I have been on many sites lately to do with alternate remedies and “cures” for diabetes. A great deal of them want to sell you this or that natural product with no supporting studies offered to make an informed decision. This sounds a little like buying “snake oil” to me.Now I have no doubt at all that there are natural aids to help your body maintain optimal health. However I prefer those that are studied and documented.
I love the internet because it allows me to search out these studies for myself, thereby making an informed decision.
Please do not use any treatment, natural or otherwise without informing your doctor and being under his supervision. The results could be life threatening.
Six that do offer documentation of effectiveness against diabetes are:
– Studies have been done that show that ginseng lowers blood sugar by about 53% in those who took it compared with those who took a placebo. The study was done on type 2 diabetics who were controlled by diet and/or oral medications. Even this is promising, in my opinion, to those of us on insulin in that it could possibly reduce the insulin Reversirol needed. But that is not a study, just a speculation on my part.
– Studies are far from conclusive on this trace mineral, though studies have shown that a low level of chromium exists in those with diabetes. Studies also show that those taking chromium had “significantly improved” sensitivity to insulin. Studies did not show any difference in insulin dependent diabetics. Chromium picolate is not recommended as there have been reported severe side effects. Something to search out studies on for yourself.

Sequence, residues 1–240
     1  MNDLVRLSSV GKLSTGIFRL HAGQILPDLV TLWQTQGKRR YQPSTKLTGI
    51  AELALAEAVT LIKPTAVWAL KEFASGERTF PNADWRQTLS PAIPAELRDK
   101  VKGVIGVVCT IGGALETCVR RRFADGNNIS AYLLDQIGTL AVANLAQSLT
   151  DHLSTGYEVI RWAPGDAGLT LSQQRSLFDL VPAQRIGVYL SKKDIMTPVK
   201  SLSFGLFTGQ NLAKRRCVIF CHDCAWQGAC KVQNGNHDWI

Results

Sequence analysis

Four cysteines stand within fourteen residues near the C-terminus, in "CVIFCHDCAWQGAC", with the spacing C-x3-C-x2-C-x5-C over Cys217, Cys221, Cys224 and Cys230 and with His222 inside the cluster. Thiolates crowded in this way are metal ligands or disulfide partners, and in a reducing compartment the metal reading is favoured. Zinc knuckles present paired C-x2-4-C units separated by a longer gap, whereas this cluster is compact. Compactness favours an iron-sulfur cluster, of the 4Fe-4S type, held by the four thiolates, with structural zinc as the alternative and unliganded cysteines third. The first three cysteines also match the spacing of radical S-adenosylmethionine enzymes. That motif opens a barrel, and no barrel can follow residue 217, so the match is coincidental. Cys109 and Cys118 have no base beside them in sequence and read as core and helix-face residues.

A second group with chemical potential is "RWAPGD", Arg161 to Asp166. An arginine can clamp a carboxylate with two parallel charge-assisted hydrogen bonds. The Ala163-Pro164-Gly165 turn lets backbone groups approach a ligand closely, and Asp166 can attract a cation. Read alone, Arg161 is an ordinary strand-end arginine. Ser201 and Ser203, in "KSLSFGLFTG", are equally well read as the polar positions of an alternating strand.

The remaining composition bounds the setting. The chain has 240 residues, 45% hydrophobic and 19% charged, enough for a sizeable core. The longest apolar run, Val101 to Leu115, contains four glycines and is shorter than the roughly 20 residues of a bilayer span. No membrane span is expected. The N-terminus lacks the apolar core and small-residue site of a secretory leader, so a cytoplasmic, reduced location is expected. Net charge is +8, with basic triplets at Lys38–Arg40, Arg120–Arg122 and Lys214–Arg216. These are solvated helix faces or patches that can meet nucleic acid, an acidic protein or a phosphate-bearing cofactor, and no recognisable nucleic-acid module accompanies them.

– A mineral found naturally in leafy foods, nuts, seeds and whole grains, studies indicate that low levels in the body may worsen blood glucose control in type 2 diabetics. High doses can have several side effects and there is a danger of interaction with several kinds of prescription drugs.
– There have been some studies that indicate that cinnamon may be helpful in controlling blood glucose control in type 2 diabetics who are on medication and diet control and who are not on insulin therapy. The cinnamon that is used in North America naturally contains a compound called coumarin. In large doses it could be detrimental. Please read up about it. But it does seem that cinnamon, in normal dosages, can be helpful for diabetics.
– Some studies show that diabetics have a “suboptimal” level of the element zinc in their bodies. Zinc plays an important part in the production and storage of insulin. There are natural food sources for zinc, as well as supplements available. High dosages can have side effects.
– Animal studies have shown aloe vera gel, taken orally, may reduce blood glucose levels. As with anything, be under a doctors care if considering taking this as interactions could occur and adjustments on medications you take.